When I taught science, we always did a lab (disclaimer: it was middle school, so “lab” consisted of any fun, hands on activity the students did) where we constructed a “skeleton” out of toothpicks, and added “muscles” made of rubber bands. Then of course I gave all of the students candy, so I could continue to be their favorite teacher, and moved on with my day.
Years later I still utilize that image when explaining anatomy to people. Think about rubber bands, the more you stretch them out, the more tense and stable they are. Stability is the key feature to focus on today.
In our body, our rubber band muscles provide balanced stability to our skeletal structure. Ideally two opposing muscles balance each other. However, if one muscle is compromised in any way (think weak or short), it means another muscle has to stretch out to provide stability. This often results in one of the muscles being loose and weak, while the other is over stretched and tight.
Unfortunately, for years we have been told we need to “stretch” tight muscles.
To go back to the analogy, what happens when you further stretch a rubber band that is already fully extended? Often that is what you are doing to certain muscles in your body.
This is often seen in the hips and hamstrings. People who sit much of the day (in a car, in a desk, on a couch watching tv), develop short hip flexor muscles on the front of their hips, and have over stretched hamstrings.
It takes a combination of things to fully improve movement in your hips. Especially if you sit for hours a day. One thing that helps improve muscle tissue quality is Foam Rolling. Another you can do is to strengthen and stabilize your core.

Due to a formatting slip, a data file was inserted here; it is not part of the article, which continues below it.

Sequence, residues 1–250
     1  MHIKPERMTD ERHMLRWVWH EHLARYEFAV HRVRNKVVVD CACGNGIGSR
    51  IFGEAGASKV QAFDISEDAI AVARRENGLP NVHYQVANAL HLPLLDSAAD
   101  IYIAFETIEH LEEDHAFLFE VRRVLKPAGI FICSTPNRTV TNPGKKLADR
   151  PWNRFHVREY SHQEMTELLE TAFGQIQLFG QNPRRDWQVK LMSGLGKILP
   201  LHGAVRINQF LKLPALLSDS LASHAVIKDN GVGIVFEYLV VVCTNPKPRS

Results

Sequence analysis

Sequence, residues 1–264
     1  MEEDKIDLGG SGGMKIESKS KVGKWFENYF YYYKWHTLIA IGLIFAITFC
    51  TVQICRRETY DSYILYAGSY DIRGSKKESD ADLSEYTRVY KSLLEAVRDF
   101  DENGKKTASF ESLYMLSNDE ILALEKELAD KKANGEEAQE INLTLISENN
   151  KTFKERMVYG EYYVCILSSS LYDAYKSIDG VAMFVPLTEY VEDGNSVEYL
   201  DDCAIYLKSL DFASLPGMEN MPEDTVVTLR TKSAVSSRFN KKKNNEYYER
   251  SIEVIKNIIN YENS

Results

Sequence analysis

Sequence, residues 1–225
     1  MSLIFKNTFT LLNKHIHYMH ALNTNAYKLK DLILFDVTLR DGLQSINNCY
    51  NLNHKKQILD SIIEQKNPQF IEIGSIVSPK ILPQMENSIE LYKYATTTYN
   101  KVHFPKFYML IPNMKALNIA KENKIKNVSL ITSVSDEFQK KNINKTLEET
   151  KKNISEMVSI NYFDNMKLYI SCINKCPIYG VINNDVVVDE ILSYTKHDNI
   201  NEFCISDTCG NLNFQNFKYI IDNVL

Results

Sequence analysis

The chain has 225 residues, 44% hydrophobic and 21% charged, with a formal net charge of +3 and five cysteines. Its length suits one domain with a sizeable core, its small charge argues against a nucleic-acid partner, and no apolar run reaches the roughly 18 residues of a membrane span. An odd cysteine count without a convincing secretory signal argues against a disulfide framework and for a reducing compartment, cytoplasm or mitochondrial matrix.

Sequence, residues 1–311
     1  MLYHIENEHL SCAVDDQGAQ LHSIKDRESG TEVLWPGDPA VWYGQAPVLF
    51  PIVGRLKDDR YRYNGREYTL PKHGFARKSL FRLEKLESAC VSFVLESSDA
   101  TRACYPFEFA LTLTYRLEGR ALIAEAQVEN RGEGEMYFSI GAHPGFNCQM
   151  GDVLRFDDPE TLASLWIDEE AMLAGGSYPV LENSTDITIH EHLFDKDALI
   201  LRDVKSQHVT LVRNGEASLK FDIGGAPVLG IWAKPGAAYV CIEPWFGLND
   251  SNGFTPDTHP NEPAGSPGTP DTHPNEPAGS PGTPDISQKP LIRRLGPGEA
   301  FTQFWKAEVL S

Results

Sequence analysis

By making those rubber band muscles stronger and more balanced, they can hold your skeleton in place without getting over stretched or taxed as easily. Two great foundational exercises for hip mobility and core strength are Planks and Floor Bridges. You can put these in at the beginning of your workout, or even do them at home on the floor while watching TV.
Lie on your back. Pull your feet up close to your body. Line up your hips, knees, and feet. Make sure your knees stay in alignment with your hips and feet, and don't wobble in or out. Press up through your glutes. You should not feel it in your hamstrings or lower back. Raise yourself to where your body forms a straight line. Make sure not to over extend or arch your back. At the top position, flex your glutes and hold for 4 seconds. Lower yourself to the ground for 2 seconds. Then repeat. Aim for 12 reps.
Lie flat on your stomach. Pull your elbows in next to your body. Make a fist. Rock back into the plank position, leading with your core and glutes. Most people push up from their shoulders, then pull their core up. It is more effective to tighten your core, and rock back forcing your core to rise first. Hold at the top for 4 seconds, flexing your core and glutes. This will make sure you maintain a flat back. Also, resist the urge to let your head hang or to look up. Rather, keep your head and neck in alignment with your spine. Rock back down smoothly to your starting position, then repeat. Again, aim for 12 reps.